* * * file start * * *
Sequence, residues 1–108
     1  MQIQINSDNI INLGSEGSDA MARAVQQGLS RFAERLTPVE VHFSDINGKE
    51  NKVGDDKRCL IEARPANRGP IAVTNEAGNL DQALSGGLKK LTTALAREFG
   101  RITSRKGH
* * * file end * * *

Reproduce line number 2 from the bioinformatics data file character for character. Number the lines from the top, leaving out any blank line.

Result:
     1  MQIQINSDNI INLGSEGSDA MARAVQQGLS RFAERLTPVE VHFSDINGKE